>   Future Research   >   Future Reports   >   Research Reports

Research Reports

The National Assembly Futures Institute publishes reports that predict and analyze the changes in the future environment based on a comprehensive perspective, and derive mid- to long-term national development strategies in consideration of the preferences of the citizens
A Consideration of the National Assembly Futures Institute's Research Process on the Future in 2050

Date : 2019-12-31 item : Research Report 19-20 P.I : Park Seong-won et al.

This study examines the process of research on the future in 2050 conducted by the National Assembly Futures Institute from 2018 to 2019 and discusses its achievements and limitations. The world's major future research institutes have established their own future research theories and methodologies. These research institutes have been developed and have enhanced their future research capabilities through numerous trials and errors over a long period of time. It is essential for the National Assembly Futures Institute, Korea's first institute established in the National Assembly to predict the mid- to long-term future of the country and prepare alternative options and possibilities, to critically analyze the past research process and present alternatives in order to grow into a world-class future research institute.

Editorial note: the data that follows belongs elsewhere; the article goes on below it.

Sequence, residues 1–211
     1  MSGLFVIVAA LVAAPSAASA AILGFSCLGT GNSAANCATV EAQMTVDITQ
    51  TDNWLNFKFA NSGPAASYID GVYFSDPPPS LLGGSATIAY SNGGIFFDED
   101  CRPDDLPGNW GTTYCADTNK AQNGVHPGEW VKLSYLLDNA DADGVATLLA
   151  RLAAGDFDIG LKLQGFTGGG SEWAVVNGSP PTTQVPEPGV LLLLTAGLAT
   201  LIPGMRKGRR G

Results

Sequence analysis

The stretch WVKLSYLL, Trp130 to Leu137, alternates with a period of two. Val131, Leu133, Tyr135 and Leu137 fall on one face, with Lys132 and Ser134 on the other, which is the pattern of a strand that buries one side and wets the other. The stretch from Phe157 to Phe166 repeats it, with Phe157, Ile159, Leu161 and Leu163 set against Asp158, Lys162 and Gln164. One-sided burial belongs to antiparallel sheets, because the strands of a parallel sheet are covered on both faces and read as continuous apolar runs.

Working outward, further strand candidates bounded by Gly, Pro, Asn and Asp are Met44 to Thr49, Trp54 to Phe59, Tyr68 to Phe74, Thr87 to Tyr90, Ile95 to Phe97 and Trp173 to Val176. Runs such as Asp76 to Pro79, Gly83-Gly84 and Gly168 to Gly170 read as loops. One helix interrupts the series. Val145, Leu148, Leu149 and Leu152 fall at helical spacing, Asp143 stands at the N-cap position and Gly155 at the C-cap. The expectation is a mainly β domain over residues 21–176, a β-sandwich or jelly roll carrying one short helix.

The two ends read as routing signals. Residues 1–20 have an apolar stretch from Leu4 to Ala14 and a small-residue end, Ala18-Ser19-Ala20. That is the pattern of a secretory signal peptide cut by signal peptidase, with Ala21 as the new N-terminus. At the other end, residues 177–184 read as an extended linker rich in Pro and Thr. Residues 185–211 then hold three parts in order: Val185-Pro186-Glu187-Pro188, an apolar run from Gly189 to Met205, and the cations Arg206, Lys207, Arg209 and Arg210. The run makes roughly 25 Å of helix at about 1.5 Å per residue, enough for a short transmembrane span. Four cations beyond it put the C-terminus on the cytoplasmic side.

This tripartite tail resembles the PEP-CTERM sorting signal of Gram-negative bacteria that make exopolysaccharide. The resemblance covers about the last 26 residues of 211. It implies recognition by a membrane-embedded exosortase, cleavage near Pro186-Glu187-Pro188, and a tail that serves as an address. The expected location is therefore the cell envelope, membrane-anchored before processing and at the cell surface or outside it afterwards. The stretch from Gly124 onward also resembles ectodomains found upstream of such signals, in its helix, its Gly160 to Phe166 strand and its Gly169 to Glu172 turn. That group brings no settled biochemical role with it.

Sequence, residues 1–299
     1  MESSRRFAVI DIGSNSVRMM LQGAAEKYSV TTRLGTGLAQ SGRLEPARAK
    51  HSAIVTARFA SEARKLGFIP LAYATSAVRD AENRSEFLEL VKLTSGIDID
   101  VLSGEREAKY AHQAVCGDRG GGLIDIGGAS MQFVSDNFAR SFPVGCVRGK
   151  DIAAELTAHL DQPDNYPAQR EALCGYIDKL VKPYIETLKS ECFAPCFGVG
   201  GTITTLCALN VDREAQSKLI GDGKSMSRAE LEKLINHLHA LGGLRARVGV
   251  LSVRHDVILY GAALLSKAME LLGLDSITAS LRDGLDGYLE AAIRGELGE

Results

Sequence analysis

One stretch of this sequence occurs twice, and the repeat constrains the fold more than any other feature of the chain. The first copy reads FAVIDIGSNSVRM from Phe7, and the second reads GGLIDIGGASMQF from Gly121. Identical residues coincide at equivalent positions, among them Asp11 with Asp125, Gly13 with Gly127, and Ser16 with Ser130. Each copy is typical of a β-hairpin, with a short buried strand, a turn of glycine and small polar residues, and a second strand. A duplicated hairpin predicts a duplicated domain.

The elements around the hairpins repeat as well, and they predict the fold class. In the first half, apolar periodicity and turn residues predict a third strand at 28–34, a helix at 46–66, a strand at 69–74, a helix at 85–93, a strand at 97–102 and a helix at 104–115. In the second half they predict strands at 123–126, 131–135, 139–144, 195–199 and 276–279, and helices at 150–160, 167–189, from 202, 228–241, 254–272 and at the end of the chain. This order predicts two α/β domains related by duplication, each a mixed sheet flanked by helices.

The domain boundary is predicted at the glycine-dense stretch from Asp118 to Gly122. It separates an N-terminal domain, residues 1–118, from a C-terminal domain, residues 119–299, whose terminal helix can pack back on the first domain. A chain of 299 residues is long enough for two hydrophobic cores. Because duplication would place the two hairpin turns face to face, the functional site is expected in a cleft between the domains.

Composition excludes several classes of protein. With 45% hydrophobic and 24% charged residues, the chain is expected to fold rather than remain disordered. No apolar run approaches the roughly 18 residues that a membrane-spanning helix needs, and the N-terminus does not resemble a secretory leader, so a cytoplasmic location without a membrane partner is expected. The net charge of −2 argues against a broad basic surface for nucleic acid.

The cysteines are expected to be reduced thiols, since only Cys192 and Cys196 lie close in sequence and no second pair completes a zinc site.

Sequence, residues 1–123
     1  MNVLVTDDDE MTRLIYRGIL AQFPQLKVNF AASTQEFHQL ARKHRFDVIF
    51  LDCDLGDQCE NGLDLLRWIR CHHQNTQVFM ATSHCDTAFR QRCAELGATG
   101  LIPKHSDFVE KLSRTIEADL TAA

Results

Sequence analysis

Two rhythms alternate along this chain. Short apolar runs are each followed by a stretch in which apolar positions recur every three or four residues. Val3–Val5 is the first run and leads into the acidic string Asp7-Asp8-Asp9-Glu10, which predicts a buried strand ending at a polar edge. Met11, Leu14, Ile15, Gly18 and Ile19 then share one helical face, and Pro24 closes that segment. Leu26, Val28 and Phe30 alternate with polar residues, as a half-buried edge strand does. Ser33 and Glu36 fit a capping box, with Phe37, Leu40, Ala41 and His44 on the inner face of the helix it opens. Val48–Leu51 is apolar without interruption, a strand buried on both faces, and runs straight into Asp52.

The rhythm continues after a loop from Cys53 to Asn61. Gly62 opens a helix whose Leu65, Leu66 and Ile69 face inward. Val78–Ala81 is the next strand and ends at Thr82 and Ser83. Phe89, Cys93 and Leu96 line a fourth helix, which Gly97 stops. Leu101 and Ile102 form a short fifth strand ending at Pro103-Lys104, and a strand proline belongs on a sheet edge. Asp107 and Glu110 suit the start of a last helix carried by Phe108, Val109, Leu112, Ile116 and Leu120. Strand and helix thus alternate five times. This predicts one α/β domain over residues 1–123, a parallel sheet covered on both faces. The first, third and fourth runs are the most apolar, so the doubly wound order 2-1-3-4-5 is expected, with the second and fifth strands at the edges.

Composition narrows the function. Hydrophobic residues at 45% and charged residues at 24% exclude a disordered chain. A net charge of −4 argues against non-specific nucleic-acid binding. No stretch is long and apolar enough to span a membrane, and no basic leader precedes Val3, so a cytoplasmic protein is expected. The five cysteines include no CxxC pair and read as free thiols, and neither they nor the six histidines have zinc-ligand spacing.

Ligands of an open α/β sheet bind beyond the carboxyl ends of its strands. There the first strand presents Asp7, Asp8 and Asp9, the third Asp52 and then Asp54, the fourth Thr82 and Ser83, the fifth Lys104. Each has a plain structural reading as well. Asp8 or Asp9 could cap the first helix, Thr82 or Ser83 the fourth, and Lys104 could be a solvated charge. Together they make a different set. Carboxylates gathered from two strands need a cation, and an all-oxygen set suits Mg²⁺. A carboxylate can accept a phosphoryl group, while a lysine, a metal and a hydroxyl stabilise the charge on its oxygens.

The researchers assumed a cyclical model consisting of 1) predicting the future in 2050, 2) choosing the people's preferred future based on the predictions, 3) suggesting policies for realizing the preferred future, and 4) performing continuous evaluation of future research, and looked back on the process and experience at each stage of the research.

This research report includes forecasts for 2050 in 13 fields that were arrived at after intensive efforts in 2018, a comprehensive scenario that integrated these predictions, the results of a public opinion survey conducted in 2019 to find out the people's preferred future, the results of a preferred future survey for experts, policy priorities for realizing the preferred future and policy proposals, and the evaluation of the future research process by internal researchers.

The evaluation of the future research conducted over the past two years found that there is a need for the enhancement of researchers' ability to converge and integrate issues in each field, a need for greater efforts to elaborate the derivation of variables for future predictions, a need for better development of methodologies for mid- to long-term future predictions, and greater reinforcement of the linkage between predictions and policies. In addition, follow-up tasks suggested in this research include the adjustment of the methodologies for future forecasting that vary in each field, securing of evidence and data supporting long-term future forecasts, and presentation of future research results that do not undermine political neutrality.

Looking back on the process of the previous research, the researchers found some important principles that they need to maintain and uphold in their future research efforts, including continuously carrying out future research regardless of the vicissitudes of the government, expanding opportunities for citizens to participate in future research, making efforts to test durability of future policies when presenting policies based on future research, and constantly performing critical evaluation of the researcher. Particularly, the researchers emphasize that the institute should strive to enhance civil society's recognition of the necessity of national-level future research and their belief that their participation can contribute to designing a better future.